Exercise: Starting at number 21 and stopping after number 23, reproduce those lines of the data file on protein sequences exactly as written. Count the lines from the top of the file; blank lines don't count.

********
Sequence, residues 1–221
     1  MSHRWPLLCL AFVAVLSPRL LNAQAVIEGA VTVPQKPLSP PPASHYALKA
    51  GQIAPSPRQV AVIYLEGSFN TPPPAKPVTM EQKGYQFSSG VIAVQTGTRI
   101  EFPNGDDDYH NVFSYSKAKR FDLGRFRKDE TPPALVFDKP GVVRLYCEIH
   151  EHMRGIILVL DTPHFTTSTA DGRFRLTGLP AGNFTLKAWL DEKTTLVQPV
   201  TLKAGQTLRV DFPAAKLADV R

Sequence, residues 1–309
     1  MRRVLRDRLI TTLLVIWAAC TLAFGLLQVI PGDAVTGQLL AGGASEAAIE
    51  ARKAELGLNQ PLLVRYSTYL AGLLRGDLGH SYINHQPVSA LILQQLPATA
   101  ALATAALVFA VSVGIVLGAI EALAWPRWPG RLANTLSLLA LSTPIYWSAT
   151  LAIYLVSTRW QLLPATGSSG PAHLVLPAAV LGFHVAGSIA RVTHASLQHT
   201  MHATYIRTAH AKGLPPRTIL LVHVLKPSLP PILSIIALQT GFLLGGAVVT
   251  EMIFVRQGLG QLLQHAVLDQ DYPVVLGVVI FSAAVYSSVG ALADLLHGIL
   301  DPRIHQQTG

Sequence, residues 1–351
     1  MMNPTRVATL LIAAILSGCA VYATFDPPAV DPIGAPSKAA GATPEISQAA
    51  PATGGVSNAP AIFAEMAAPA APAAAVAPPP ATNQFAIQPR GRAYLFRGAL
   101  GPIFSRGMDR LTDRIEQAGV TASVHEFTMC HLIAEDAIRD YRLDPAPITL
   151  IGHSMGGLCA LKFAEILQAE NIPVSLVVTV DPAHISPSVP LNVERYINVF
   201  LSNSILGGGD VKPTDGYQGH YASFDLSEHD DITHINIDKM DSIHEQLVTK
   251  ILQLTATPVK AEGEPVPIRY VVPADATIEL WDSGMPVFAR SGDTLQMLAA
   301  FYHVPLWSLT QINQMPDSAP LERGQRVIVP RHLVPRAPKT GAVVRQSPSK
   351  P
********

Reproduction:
   251  ILQLTATPVK AEGEPVPIRY VVPADATIEL WDSGMPVFAR SGDTLQMLAA
   301  FYHVPLWSLT QINQMPDSAP LERGQRVIVP RHLVPRAPKT GAVVRQSPSK
   351  P